Let’s just talk straight for a minute or two here:
Blogging as a career can be really wonderful. There are days when I feel overwhelmed in the best possible way by the freedom, the creativity, the opportunities for mistakes and small triumphs, all equally and all on my own terms.
But sometimes being a blogger can be tricky. First there’s the awful name to contend with, and then there’s everything else. Since I decided to accept sponsors on my blog last spring, I’ve had to make difficult decisions about my blog as a business. I’m really proud of the team of independent sponsors that support and grow this site, but I’ve also made some mistakes. I’ve turned down opportunities that maybe I shouldn’t have, I’ve accepted others that didn’t feel quite right. I still feel iffy about affiliate links. There’s not a manual for figuring out how to make your blog a small business–or maybe the trouble is that there are too many–in the end it feels mostly like trial and error. As I’m figuring this out, I have been incredibly, unbelievably grateful to other blogging women who I’ve met–women like Natalie and Becca and Cara–who are willing to talk about blogs as businesses. We need more conversations about this sort of thing.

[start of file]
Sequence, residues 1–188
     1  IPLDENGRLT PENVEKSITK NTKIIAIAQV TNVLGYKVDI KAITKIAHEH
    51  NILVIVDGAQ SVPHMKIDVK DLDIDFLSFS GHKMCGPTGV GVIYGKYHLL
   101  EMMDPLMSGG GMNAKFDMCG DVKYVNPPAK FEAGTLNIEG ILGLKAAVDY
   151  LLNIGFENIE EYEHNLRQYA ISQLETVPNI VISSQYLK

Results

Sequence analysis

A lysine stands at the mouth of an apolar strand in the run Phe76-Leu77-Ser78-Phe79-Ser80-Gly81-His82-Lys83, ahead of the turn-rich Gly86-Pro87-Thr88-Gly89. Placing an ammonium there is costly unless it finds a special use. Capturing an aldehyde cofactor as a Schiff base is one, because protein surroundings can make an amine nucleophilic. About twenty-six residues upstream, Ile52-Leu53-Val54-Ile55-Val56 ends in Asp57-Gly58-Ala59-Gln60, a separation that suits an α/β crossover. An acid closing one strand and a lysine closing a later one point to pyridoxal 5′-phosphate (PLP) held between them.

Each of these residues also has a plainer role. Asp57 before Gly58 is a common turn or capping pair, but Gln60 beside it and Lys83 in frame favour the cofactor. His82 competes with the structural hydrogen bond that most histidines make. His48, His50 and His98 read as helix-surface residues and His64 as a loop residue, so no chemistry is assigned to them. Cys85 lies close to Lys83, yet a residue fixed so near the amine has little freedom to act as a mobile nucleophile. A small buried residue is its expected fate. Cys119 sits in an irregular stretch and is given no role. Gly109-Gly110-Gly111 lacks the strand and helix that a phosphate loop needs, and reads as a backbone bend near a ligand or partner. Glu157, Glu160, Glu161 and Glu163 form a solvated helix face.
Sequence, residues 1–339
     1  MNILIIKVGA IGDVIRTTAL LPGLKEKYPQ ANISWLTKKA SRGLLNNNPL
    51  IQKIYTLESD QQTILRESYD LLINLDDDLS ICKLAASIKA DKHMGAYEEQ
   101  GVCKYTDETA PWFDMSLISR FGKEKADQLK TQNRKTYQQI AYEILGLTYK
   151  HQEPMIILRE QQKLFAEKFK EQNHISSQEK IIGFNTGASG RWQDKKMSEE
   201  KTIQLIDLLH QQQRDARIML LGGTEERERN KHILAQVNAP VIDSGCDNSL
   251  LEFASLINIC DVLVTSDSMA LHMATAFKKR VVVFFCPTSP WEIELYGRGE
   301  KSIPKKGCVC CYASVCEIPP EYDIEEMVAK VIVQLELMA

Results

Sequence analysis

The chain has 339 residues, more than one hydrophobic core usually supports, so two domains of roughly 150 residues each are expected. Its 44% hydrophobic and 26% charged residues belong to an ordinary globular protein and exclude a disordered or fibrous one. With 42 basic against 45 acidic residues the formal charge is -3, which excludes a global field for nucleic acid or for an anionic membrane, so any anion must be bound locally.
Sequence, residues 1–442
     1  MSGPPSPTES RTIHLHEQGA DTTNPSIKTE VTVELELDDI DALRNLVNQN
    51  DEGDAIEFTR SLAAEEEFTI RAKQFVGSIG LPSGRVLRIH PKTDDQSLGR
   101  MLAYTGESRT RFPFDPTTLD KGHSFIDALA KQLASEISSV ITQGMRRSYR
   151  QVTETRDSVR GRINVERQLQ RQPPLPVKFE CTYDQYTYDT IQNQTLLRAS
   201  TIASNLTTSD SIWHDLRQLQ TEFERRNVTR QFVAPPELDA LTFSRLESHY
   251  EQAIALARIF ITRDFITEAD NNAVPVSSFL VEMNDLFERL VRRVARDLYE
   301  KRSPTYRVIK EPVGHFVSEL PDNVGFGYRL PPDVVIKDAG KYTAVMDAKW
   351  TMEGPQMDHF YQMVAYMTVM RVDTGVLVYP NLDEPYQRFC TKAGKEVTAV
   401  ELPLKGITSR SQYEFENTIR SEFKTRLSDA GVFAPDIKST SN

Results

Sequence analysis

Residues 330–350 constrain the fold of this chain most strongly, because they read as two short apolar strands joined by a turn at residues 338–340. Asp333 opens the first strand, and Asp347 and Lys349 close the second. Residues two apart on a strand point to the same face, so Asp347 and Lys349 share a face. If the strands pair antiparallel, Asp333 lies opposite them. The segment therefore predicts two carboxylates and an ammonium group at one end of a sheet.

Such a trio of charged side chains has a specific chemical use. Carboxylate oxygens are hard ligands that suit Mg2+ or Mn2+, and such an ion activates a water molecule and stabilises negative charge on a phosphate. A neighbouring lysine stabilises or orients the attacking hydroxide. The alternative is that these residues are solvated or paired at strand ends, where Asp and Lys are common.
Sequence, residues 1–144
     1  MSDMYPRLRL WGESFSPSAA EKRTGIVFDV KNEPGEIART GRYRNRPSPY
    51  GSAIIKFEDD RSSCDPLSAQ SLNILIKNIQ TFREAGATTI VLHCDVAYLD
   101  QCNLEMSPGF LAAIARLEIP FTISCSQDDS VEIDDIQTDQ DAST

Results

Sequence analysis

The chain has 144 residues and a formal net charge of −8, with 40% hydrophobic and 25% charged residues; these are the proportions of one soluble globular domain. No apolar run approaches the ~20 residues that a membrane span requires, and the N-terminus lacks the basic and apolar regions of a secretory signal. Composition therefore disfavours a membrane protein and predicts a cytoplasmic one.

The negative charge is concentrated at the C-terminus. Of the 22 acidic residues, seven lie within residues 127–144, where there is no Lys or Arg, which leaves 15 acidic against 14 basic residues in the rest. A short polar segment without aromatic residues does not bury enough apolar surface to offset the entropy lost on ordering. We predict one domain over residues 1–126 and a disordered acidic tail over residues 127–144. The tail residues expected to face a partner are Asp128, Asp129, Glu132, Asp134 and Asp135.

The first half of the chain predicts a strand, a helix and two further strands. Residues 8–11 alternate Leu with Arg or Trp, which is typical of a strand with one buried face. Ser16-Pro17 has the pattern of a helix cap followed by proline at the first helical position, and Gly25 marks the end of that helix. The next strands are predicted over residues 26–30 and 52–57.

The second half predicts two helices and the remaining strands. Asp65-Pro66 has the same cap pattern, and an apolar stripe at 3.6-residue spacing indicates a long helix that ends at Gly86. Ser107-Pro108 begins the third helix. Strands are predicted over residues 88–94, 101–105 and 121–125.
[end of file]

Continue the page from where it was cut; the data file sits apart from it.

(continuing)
But lately I’ve been thinking that in addition to figuring out ways to make blogs function financially, we need more conversation about how to make blogs function socially. In the rush to figure out a way to grow a blog into a business, what sometimes gets left out of the equation is how to use a blog as a way to make change, to do something good.
Yesterday, my dear friend Natalie partnered with Go Mighty and launched a #mightylove project: a small-scale campaign to encourage women to compliment other women on social media all with the goal of raising money to donate to a battered women’s shelter. And I thought: YES.
So after all that blathering: here’s a little encouragement to write a nice thing or two about women on the internet who inspire you, who move you in some way, who just seem to get one thing (or lots of things) right. Tag your compliment with the hashtag #mightylove. When there are 500 compliments, $500 gets donated. All the details are here.
Full disclosure: I can be reluctant to join movements like this one. They can seem clichéd at best and insipid at worst, but that’s an awfully cynical perspective. Let’s spread some positivity on the internet, friends. Let’s raise some money for good. Right now. We’ll figure everything else out later.